Welcome back to The Beginner’s Guide! I have been waiting, working, and preparing for this particular post for nearly two months. What could possibly take that long? Well, this:
Yes, in this installment, I have a handy—and cheap—DIY comic cube for your constantly growing collection. Part of the reason why this took so long was because I had to do some research on the subject of comic book storage systems. What I found was a scant list of either bland, white boxes, or custom shelving units. (Custom is another word for expensive.) Other than that, there isn’t much. Now, I don’t know about you Nerds, but I’m broke as shit. Not only that, but I have no space at home for those long, bland boxes. So one night, I grabbed my notebook, and did some sketching.
Then, I did a survey. A survey. With people an questions. What I found cemented my impression of comic book storage systems: they suck a little. The majority of people who took my survey stated that they wanted comic book storage units that were inexpensive, display nicely, and are easy-to-build. Hopefully my solution proves to be the answer.
Ready to get started? Me too!
From your utility belt, you’ll need:
-Two large sheets of foam core board
-X-Acto (craft) knife
-Large piece of cardboard (gluing surface)
-Metal yardstick (trust me, you’ll want metal)
Note: if you have all the tools for this project, the total cost of supplies will be around $9!
Taking the foam core board, measure out all the panels for your comic cube. You will need five panels. The measurements I used for each panel are as follows:
- Sides: 7 3/8″ x 11″
- Top and bottom: 7 3/8″ x 10 2/8″
- Back: 10 2/8″ x 11″
I based my measurements on the dimensions of a comic book, which is roughly 7″ x 10″. I made the cube’s measurements slightly bigger to store the comics nice and snug, but with enough room so that I don’t damage them.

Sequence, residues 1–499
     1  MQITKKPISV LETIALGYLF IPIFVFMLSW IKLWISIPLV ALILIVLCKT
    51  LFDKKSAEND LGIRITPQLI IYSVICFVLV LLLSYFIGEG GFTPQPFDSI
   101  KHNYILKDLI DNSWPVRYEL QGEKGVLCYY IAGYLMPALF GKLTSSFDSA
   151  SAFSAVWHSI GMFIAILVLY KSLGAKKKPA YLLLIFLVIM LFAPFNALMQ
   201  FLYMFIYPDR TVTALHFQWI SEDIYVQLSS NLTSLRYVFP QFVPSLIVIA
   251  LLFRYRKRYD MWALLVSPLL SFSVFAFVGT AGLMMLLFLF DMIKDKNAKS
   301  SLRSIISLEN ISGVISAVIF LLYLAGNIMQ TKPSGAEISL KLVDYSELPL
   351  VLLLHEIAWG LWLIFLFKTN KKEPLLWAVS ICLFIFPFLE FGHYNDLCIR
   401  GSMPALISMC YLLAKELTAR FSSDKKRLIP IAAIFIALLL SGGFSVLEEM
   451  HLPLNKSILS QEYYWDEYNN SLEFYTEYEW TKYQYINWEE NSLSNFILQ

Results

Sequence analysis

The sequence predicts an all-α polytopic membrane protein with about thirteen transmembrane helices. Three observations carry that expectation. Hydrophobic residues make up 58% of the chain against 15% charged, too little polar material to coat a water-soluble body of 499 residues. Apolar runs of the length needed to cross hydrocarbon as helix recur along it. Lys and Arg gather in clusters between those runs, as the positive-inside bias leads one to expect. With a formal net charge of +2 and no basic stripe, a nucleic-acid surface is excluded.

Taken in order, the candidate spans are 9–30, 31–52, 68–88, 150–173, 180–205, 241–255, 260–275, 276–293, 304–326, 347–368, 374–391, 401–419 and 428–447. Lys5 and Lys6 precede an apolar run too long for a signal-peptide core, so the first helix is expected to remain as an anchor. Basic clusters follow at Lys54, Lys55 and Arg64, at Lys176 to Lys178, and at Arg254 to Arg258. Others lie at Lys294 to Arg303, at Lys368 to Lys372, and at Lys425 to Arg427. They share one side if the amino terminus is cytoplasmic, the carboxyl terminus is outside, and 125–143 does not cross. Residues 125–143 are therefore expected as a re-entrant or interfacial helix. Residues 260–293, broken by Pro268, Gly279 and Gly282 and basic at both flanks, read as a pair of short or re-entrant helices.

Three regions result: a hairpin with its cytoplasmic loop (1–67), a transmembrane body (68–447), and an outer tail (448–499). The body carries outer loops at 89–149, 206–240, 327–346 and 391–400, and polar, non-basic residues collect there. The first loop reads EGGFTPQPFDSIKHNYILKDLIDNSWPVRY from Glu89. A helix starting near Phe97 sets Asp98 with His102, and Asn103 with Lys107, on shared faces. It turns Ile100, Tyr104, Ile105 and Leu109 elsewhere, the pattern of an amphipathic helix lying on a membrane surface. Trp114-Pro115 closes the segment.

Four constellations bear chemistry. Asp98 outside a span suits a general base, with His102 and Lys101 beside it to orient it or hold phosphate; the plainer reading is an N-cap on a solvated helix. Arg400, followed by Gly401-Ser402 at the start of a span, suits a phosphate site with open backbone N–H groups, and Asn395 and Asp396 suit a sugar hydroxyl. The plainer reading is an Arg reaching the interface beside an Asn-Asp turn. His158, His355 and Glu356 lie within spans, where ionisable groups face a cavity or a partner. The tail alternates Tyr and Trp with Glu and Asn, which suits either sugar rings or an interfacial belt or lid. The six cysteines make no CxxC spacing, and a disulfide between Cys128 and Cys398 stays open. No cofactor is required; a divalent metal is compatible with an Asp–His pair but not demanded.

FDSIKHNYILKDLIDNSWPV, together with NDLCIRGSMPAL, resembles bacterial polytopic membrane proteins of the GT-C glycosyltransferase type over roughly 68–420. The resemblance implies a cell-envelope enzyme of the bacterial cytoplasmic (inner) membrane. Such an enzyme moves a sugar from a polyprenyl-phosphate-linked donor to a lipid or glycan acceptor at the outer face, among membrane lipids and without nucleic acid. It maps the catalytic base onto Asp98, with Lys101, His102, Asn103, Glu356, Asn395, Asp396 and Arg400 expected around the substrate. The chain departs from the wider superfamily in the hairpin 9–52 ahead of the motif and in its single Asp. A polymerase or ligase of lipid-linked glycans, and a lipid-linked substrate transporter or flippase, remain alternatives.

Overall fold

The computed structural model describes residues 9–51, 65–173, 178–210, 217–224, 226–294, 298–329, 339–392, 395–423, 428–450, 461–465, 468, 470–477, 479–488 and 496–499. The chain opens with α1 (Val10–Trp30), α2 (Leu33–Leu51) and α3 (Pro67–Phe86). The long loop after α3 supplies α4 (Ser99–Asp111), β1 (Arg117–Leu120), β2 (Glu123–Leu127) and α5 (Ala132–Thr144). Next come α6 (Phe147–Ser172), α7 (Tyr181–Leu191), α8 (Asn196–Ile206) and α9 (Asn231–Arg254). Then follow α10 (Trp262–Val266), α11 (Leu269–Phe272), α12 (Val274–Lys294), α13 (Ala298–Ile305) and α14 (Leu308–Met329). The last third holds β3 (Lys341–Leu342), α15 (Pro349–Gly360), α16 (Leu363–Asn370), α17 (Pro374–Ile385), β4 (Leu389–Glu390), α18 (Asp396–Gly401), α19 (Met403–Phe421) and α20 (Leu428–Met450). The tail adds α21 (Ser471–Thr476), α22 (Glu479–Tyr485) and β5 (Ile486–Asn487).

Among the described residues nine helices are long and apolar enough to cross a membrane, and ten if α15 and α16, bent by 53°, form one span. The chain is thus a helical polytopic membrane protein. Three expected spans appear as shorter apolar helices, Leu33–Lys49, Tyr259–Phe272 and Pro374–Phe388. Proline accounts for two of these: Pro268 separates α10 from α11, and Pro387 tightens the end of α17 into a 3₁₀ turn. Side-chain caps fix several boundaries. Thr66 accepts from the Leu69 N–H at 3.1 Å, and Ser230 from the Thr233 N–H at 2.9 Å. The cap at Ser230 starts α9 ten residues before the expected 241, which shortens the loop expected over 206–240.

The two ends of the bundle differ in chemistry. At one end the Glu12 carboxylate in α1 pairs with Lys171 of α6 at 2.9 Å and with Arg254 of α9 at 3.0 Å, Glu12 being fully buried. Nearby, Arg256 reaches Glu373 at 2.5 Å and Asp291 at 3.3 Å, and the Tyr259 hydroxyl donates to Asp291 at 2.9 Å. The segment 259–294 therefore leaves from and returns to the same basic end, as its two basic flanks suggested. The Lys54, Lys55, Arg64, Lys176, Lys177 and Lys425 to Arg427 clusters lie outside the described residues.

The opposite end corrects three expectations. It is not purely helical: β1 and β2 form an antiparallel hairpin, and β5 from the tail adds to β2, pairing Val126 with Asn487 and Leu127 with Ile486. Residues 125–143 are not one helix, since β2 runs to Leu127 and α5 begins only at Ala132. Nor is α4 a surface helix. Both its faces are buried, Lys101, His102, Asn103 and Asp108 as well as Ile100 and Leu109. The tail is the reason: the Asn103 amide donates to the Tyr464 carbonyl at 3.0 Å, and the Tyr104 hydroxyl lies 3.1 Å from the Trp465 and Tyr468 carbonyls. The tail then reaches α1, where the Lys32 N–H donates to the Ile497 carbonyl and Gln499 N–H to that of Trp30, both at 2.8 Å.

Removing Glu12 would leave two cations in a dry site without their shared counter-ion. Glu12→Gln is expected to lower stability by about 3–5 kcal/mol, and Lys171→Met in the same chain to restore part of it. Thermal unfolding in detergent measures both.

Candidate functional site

Taking your metal yardstick and X-Acto knife, carefully cut through the board. Keep the knife blade flush to the edge of the metal yardstick. This will help you cut evenly and cleanly.
Begin to build up the cube by gluing the two sides on to the bottom panel. Take tall, heavy objects—like spray cans and jars—and use those to brace the sides as the glue dries. After an hour, add the top panel, let dry, then the back piece. Allow the Wellbond glue to cure for 24 hours. Trim excess or uneven edges after the glue has completely cured.
As your glue is curing, you can get started on the drawer. Taking what’s left of the foam core board, cut out panels for the base of the drawer and four sides. Cut out these panels using the X-Acto knife and metal yardstick.
Glue the sides of the drawer onto the base panel. Allow to cure for 24 hours. Trim any excess.
Add the drawer into the cube, and begin storing your comics! But, your comic cube is not just limited to this. If you’re looking to step up your storage game, consider these optional steps.
Optional Step 1:
Paint the cube! This is what I did for my own cube. White is too plain for me, so I covered it in a few coats of Apple Barrel brand paint. The color is called Acapulco. Pro tip: satin paints work the best, and won’t make the material too sticky.
Optional Step 2:
Create organizational tabs for all of your issues using poster board. Label these by publisher, artist, writer, series, or character! Stick these in between so that you can easily grab an issue.
Perch your comic cube in your bookcase or on a shelf, and you’re good to go!
With cure time, this project will take about two days to complete. Three days, maybe, if you paint your own cube. Have a larger collection? Not a problem! Widen the back panel of the cube to accommodate your huge stash. Don’t want to add a drawer? Shorten the box by an eighth of an inch, and skip steps 4 and 5. Make it your own! And be sure to share with me your own comic-related creations on Twitter, Instagram, or Facebook! As always, tune in next time for another installment of The Beginner’s Guide.
Interested in more crafty content? Check out The DIYer’s Utility Belt to help you get started with any nerdy project!
Life was meant to be lived nerdily, so what are you waiting for?